Blue Note RVG Editions: Two Smiths, a Parker, and More
As the old saying goes, the hits just keep coming as master engineer Rudy Van Gelder continues to wade his way through the legendary Blue Note catalog. While some might balk at the idea of replacing discs they already own with these new beefed up models, there is a definite improvement in sound quality for the vast majority of these titles and their budget price makes them an attractive proposition. These recent releases include albums that have been available before on disc and a few that have not.
The Sounds of Jimmy Smith
1957 was a big year for organist Jimmy Smith, as he was in full flight with a regular schedule of recording activity for Blue Note. The Sounds of Jimmy Smith (Blue Note 11426) has never been available as a domestic disc, although a previous two-fer did reissue the album for the first time in the digital age. In the company of regular trio mates Eddie McFadden on guitar and Donald Bailey on drums, Smith rips and roars through a collection of standards while revealing the talents that made him an instant favorite with scores of jazz fans. While the sound of Manhattan Towers nowhere near rivals that of Van Gelder's own studio, the remastering job here does the music justice and three bonus tracks complete an essential early document from Smith.
Fast forward to 1969 and another organist by the name of Smith and you'll have the first time US release of Turning Point (Blue Note 11423). This one may just be Lonnie Smith's best record ever, with solid support from Lee Morgan, Julian Priester, Bennie Maupin, Melvin Sparks, and Idris Muhammad. Far removed from the typical greasy organ records that were being released in droves at the time, Smith's muse is far more subtle and piano-like, playing with different textures and dynamics. He turns soul classics like "Seesaw and "People Sure Act Funny into serious jazz interpretations and his own title track is an infectious two-chord vamp that stirs up quite a froth. This one comes highly recommended.
Although many fans look to Hank Mobley's early recordings as a high mark in his career, his last great spate of activity during the late '60s also yielded a good share of classic albums such as A Caddy For Daddy and Thinking of Home. Reach Out (Blue Note 11496) from 1968 is somewhat of a mixed bag that suffers in part due to commercial concessions. The pop hits "Reach Out and "Goin' Out Of My Head are sub par for Mobley's standards and an obvious try for some airplay. Nonetheless, Mobley's original material is what makes this set still worthwhile, especially the loping "Up, Over, and Out. Also making this one worth a listen are the contributions of Woody Shaw and George Benson.
Down With It
Trumpeter Blue Mitchell first started turning heads while a member of Horace Silver's quintet, but his own series of Blue Note dates during the mid-'60s really brought home the attraction of his understated brilliance as a supremely lyrical player. Briefly he led a superb quintet with Chick Corea and Junior Cook and each and every album they recorded is filled with trinkets of inspiration. Down With It (Blue Note 11492) is arguably the pick of the lot, thanks to strong solos and a sagacious set of originals by both Blue and William Boone. While "Hi-Heel Sneakers is an obvious nod to the success of Lee Morgan's "The Sidewinder, the integrity of the performance prevents it from sounding like just another knockoff. The highlight of the album though is the ballad feature "Alone, Alone, and Alone, a warm and amber-hued statement that finds Mitchell at his lyrical best.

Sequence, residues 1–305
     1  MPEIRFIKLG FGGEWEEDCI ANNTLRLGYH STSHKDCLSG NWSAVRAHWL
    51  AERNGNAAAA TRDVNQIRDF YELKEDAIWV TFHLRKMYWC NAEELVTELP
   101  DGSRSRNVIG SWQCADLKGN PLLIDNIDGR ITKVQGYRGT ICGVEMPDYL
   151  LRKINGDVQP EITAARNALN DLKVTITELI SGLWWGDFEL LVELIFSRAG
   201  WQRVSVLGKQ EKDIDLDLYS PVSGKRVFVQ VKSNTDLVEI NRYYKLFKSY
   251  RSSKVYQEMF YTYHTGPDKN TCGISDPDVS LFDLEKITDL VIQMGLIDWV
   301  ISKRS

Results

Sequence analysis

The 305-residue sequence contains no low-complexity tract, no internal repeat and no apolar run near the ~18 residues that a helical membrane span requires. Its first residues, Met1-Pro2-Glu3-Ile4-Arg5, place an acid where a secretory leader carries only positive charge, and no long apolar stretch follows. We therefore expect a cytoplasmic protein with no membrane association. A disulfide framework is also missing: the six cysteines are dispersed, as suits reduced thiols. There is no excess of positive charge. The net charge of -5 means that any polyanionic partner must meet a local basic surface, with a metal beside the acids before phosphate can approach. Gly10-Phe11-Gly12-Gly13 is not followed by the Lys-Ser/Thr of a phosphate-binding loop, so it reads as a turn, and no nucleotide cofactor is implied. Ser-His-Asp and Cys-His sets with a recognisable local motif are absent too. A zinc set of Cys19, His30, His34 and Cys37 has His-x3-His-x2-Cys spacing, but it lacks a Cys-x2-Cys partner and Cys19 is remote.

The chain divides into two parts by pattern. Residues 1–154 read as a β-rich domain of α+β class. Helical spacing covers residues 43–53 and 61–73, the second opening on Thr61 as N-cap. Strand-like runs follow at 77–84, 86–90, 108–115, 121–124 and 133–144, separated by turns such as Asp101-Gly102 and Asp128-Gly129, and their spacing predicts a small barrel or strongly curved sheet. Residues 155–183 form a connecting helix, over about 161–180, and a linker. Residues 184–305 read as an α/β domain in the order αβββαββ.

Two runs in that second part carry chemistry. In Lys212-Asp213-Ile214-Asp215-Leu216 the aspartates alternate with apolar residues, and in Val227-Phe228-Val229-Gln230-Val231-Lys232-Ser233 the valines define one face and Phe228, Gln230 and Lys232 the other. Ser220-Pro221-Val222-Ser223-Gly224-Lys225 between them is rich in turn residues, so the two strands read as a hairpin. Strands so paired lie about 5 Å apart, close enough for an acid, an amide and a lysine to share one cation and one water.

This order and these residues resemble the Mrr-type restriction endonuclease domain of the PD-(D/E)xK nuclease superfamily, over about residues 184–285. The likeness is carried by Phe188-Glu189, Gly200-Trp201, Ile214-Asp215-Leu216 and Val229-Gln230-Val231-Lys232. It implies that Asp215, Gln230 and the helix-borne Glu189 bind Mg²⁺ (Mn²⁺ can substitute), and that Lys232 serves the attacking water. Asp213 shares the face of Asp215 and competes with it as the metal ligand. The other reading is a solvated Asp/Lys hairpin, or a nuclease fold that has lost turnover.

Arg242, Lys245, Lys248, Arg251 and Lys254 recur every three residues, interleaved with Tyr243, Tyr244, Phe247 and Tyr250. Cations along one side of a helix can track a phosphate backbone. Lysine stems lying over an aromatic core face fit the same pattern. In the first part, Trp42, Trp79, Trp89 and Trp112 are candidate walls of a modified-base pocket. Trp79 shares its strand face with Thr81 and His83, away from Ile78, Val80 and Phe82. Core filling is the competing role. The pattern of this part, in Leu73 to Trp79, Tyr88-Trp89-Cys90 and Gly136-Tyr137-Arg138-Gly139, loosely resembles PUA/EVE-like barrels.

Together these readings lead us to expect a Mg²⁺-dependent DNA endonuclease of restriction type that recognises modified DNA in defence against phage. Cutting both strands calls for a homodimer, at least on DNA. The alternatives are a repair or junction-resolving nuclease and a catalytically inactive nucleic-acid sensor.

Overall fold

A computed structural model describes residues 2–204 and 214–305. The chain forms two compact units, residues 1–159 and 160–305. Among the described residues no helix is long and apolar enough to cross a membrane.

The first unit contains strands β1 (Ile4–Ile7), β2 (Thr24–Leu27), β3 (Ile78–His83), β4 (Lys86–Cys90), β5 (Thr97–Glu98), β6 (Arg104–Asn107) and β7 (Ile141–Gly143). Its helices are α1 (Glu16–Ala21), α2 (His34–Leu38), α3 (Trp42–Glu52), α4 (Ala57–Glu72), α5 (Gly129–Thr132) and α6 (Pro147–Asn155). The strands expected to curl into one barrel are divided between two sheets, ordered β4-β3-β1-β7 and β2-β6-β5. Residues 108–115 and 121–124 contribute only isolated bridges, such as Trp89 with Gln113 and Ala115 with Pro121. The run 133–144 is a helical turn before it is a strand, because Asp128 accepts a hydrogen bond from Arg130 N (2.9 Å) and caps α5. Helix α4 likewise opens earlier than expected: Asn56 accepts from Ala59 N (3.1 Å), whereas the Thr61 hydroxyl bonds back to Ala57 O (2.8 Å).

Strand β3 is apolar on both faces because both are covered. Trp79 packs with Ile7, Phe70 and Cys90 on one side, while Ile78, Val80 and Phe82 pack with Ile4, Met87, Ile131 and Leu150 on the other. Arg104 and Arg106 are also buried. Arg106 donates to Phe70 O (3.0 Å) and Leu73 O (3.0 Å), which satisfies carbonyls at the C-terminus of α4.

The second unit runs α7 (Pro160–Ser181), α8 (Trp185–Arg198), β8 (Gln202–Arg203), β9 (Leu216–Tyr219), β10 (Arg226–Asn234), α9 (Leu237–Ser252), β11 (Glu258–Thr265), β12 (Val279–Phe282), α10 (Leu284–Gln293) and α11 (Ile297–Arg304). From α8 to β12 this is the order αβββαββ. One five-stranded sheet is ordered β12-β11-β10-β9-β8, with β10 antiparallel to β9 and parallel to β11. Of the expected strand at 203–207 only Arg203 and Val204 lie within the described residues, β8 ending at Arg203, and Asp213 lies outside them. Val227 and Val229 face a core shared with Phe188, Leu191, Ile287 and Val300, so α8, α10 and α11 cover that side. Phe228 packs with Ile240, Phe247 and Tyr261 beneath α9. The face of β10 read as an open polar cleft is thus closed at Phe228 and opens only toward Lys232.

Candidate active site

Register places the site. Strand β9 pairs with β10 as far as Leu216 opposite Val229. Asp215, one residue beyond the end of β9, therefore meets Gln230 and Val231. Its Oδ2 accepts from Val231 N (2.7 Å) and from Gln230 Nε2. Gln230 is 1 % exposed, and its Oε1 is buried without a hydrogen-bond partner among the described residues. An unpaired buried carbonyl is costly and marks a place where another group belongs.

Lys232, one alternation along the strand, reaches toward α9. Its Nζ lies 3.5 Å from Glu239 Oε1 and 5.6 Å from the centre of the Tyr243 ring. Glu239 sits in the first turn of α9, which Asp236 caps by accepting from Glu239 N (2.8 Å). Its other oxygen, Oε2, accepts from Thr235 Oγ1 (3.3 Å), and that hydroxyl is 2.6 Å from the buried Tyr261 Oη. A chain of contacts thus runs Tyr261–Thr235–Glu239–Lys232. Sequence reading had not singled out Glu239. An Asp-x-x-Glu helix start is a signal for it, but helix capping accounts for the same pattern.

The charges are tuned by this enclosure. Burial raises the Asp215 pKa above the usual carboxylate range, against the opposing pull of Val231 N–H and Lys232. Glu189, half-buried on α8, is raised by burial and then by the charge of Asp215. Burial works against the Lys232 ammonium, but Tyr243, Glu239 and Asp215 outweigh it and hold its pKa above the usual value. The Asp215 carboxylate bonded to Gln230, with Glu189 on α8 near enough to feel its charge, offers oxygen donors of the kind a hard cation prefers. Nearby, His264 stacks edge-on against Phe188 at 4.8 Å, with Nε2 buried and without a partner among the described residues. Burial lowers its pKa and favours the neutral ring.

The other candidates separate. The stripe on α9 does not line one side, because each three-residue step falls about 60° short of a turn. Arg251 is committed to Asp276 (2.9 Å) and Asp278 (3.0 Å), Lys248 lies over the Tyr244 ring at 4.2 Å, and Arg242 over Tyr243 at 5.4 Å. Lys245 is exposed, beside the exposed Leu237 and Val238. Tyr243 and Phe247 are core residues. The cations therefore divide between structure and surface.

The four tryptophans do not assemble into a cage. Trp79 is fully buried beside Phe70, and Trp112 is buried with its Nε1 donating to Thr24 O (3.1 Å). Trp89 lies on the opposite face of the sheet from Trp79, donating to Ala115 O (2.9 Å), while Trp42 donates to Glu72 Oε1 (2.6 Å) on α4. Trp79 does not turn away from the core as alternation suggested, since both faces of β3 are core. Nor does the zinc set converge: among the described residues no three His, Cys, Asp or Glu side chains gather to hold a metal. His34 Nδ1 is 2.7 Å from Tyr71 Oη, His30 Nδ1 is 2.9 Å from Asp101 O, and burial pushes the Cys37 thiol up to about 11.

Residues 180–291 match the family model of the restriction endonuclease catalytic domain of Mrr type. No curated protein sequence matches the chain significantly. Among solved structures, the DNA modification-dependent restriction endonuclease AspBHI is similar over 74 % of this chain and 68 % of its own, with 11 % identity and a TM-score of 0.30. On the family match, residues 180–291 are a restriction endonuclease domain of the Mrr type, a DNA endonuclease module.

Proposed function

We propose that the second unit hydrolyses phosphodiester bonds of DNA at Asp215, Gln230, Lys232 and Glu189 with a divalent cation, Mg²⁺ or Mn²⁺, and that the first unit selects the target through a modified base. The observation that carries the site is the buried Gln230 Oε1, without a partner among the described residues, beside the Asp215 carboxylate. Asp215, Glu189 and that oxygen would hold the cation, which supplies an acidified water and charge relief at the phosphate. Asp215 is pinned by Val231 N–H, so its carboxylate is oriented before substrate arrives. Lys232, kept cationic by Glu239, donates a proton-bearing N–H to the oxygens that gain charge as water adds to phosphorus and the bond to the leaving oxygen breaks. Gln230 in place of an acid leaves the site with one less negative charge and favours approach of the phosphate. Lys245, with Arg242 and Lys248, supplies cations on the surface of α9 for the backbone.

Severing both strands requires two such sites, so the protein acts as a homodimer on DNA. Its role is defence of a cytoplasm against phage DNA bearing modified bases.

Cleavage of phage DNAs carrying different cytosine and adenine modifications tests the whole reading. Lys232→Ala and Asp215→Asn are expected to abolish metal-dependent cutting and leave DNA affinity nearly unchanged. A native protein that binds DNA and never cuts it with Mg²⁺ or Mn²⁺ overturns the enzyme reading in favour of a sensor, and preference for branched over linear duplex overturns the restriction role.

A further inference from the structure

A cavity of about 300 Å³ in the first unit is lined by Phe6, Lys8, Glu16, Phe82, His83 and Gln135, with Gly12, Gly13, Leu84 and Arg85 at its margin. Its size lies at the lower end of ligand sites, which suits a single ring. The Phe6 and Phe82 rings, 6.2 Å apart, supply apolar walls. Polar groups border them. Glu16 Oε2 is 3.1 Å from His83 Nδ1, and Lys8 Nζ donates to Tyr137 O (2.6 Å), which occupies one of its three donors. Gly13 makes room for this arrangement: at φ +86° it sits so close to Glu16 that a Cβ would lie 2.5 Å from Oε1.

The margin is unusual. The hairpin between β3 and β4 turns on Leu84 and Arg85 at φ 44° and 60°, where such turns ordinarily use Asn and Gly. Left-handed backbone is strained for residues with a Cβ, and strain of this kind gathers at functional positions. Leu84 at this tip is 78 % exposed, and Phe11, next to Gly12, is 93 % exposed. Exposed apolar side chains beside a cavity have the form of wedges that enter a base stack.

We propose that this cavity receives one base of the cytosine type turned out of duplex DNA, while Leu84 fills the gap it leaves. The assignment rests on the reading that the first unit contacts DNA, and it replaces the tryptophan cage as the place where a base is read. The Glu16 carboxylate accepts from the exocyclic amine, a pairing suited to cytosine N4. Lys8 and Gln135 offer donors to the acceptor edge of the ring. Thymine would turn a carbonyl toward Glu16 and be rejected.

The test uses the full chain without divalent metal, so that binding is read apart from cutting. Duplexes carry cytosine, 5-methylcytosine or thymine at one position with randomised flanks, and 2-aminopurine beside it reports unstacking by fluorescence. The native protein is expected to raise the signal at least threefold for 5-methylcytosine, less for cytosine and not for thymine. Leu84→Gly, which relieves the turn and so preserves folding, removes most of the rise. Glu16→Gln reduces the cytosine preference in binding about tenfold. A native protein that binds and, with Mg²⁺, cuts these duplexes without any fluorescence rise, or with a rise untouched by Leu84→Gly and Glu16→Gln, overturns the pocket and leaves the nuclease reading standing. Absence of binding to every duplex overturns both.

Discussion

That's Where It's At
Both coming from a soulful mode of expression, the pairing of Les McCann and Stanley Turrentine was a logical choice and That's Where It's At (Blue Note 11494) is one the best records that either artist has ever made. "Smile, Stacey opens the date with an infectious groove that puts Turrentine into a good mood, with his famous cries and hollers raising the goose bump factor. "Soft Pedal Blues is on the opposite end of the spectrum, a precious ballad that Turrentine milks to its fullest potential. McCann also sounds good throughout, but without a doubt this one belongs to Turrentine and the dependable rhythm section of Herbie Lewis and Otis Finch never lets our leading men down.
Let Me Tell You 'Bout It
Very much like Ike Quebec, baritone saxophonist Leo Parker had already had a full career coming up in the be bop era when he returned to the scene in the early '60s, recording two brilliant Blue Notes sessions that would sadly constitute his swansong. Let Me Tell You 'Bout It (Blue Note 11490) brought together a sextet of elder statesmen who have long been forgotten but who had vital things to say on this recital of swing-inflected goodies. With a heftier sound than Gerry Mulligan but a lighter approach than Pepper Adams, Parker stuck a perfect balance between swing sensibilities and bop histrionics.